For Kumail Nanjiani, a morning drive around Chicago’s North Side “has been a very nostalgic time for me today,” the comedian and actor said Wednesday, while in town to promote his autobiographical new film “The Big Sick.”

“I honestly wish I was here longer. I got here last night and leave this afternoon. My wife worked around here,” said Nanjiani, gesturing to the Loop setting where we chatted on an open-air Michigan Avenue plaza.

The entertainer smiled as he noted, “We just drove by two of my old apartments — in Lake View and Wrigleyville,” and he shared memories of some of his favorite culinary outposts.

The native of Karachi, Pakistan, recalled frequent visits “to Grafton in Lincoln Square, and Devon Avenue to go to the Pakistani restaurants. I love that place. … I also love Chicago Mexican food too. … But my favorite taco place —right under the Irving Park L — is now shut down. That made me very sad.”

Asked if he finds good “Paki” food in Los Angeles, where the “Silicon Valley” star now lives, Nanjiani shook his head. “Not very much in L.A. There is a place now that is kind of close to us, but other than that, there’s no good Pakistani food out there. New York and Chicago are where you’ll find very good Pakistani food.”

Nanjiani’s Chicago history goes back to the reason he moved here initially: “I moved to Chicago because of its strong comedy scene — and I wanted to pursue a career in comedy,” noted the entertainer, recalling his early stand-up gigs at clubs like Zanies and the old Lake Shore Theater (now the Laugh Factory), as well as the former Lincoln Lodge, plus occasional shows at iO Theater and Second City.

In “The Big Sick” (opening Friday), Nanjiani plays a young Pakistani-American who lives in Chicago, where he’s working to break into the city’s comedy scene. His very traditional Muslim parents don’t think much of his career dreams and are adamant about him marrying a nice Muslim girl who also would be of Pakistani descent.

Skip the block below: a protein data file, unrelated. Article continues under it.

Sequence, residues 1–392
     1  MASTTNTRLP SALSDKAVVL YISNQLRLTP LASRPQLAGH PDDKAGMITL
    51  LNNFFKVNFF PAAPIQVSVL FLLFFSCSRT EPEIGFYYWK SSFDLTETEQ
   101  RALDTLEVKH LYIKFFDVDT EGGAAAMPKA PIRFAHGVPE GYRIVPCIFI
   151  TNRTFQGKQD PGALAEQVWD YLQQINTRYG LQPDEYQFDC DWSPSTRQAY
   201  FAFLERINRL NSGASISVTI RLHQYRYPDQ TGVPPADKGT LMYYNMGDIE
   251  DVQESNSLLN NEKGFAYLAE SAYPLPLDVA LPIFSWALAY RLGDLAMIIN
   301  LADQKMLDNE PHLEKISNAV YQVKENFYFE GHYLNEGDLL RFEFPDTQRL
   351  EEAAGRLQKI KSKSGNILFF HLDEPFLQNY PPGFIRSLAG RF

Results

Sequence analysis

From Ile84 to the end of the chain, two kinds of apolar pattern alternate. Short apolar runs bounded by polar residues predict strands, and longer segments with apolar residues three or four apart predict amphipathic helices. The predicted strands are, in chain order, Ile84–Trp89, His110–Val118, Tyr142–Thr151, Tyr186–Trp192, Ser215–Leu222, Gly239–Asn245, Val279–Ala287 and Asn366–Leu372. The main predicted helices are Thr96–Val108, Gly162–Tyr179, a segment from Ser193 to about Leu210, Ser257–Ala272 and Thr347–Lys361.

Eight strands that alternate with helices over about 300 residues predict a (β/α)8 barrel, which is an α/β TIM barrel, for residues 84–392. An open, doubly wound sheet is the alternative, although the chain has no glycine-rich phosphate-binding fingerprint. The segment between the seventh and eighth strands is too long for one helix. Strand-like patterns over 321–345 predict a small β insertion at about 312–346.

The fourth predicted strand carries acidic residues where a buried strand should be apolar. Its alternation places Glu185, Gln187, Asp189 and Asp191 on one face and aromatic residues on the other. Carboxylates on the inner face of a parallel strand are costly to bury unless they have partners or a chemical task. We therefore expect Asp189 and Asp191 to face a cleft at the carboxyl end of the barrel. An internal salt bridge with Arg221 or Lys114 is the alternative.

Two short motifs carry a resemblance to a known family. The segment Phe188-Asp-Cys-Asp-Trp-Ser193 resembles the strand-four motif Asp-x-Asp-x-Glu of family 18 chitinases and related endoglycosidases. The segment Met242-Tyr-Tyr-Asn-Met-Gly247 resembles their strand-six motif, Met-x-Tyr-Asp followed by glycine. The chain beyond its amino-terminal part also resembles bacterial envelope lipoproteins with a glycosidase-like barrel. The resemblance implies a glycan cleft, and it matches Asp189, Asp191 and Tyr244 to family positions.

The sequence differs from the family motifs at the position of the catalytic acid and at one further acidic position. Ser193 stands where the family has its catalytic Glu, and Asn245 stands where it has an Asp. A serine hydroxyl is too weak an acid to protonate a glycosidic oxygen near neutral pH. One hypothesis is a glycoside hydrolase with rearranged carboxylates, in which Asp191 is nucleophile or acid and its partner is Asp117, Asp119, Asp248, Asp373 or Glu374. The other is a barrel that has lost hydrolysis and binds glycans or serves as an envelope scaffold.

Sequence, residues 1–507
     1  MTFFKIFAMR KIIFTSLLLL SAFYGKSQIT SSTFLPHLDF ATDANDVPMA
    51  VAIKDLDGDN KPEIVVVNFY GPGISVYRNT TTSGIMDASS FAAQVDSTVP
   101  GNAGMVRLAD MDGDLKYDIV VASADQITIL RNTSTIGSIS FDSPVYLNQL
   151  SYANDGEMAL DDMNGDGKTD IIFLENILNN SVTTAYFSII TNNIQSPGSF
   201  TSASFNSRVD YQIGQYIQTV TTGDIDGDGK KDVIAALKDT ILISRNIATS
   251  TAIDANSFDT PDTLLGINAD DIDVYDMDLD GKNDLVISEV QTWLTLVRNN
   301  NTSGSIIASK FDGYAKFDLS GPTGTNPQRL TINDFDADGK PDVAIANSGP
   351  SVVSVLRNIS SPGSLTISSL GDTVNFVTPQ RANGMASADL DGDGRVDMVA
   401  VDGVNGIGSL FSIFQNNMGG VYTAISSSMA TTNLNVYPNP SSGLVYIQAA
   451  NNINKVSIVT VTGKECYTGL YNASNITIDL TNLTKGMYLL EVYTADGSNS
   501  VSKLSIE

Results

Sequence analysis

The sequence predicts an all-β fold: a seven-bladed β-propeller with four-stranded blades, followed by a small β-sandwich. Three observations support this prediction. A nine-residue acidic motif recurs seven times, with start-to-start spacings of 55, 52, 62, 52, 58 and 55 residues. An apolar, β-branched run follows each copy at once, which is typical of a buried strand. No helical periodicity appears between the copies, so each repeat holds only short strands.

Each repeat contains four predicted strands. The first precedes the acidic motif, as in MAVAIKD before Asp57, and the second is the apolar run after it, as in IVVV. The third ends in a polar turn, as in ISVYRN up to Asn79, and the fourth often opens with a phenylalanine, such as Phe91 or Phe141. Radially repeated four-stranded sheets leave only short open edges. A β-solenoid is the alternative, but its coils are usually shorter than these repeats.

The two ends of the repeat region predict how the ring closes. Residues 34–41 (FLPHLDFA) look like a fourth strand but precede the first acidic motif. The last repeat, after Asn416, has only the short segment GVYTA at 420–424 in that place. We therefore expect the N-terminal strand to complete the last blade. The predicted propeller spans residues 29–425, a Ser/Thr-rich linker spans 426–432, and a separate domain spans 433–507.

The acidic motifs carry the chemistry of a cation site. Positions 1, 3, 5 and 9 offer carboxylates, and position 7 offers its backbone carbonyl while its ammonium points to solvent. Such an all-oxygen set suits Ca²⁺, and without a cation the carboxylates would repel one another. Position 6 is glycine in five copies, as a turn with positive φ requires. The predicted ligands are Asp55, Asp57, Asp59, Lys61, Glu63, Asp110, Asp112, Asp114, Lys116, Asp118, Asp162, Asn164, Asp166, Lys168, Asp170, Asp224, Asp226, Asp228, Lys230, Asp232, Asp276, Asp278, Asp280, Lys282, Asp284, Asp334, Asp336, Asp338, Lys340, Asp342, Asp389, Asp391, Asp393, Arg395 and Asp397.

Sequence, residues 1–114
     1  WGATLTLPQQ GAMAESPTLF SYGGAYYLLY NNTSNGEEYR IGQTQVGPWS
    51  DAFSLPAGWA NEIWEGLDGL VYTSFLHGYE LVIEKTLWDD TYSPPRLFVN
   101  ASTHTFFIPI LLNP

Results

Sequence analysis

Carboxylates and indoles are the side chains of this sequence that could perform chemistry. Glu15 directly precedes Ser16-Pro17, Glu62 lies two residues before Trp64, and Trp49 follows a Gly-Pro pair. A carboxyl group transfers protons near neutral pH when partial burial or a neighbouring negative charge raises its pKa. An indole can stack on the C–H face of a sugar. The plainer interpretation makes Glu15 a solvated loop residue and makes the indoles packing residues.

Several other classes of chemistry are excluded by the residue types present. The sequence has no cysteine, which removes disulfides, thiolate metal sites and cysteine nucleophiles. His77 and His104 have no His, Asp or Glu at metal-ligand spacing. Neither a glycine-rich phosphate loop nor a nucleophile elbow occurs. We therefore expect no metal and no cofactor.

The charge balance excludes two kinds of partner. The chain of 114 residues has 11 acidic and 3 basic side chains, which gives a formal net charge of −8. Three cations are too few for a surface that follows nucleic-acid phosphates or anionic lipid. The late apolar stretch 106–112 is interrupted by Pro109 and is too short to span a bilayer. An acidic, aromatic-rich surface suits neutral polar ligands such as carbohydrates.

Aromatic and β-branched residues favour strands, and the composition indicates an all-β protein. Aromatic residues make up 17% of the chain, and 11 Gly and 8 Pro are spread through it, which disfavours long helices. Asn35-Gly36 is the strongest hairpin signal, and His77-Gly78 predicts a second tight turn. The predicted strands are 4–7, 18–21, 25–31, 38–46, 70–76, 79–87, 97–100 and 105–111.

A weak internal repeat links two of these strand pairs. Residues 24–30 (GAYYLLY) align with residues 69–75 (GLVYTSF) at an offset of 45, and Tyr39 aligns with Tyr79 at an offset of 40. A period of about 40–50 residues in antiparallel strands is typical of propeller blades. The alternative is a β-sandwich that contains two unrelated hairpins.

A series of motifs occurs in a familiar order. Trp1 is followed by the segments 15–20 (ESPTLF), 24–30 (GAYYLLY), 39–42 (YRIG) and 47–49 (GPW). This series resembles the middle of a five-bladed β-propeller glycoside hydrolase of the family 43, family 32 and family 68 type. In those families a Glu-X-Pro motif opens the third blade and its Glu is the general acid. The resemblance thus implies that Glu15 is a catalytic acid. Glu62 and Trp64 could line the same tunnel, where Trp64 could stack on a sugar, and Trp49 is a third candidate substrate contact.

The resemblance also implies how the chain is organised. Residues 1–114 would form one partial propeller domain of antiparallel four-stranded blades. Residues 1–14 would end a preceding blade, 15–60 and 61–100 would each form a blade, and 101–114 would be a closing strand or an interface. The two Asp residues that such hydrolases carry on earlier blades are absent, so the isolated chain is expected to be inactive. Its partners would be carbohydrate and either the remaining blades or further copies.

After he begins dating and then falls in love with Emily (played by Zoe Kazan), Kumail keeps that secret from his family. When Emily falls desperately ill and into a coma, her parents rush to Chicago from North Carolina, fully expecting their daughter will not recover from her mysterious illness.

The overall details of “The Big Sick” mirror what happened to Nanjiani and his now-wife, Emily V. Gordon, who co-wrote the screenplay with him. Thrilled that Oscar winner Holly Hunter agreed to play Emily’s mother — and ditto for Ray Romano as Emily’s dad — Nanjiani noted that casting helped him, Gordon, producer Judd Apatow and their director Michael Showalter (“Hello, My Name is Doris”) “maintain the tone we wanted to hit.

“Our film is about grown-ups dealing with real issues. Often, good comedy comes from people being in situations they can’t seemingly handle. That’s what we were trying to achieve. And, speaking of Holly, her ‘Broadcast News’ movie was really the template for the tone we wanted.”

Nanjiani’s real-life parents are depicted in the film as well and are proud of what the couple have achieved. “It is a little strange to see an important part of your life depicted on the big screen,” he said. “But they do love it.

“As for Emily’s parents, we sent them a link and they watched it five times in one day — the first day they got it! I think it takes a bit of time to get over the initial shock of seeing such a crazy time of your life up on the screen.”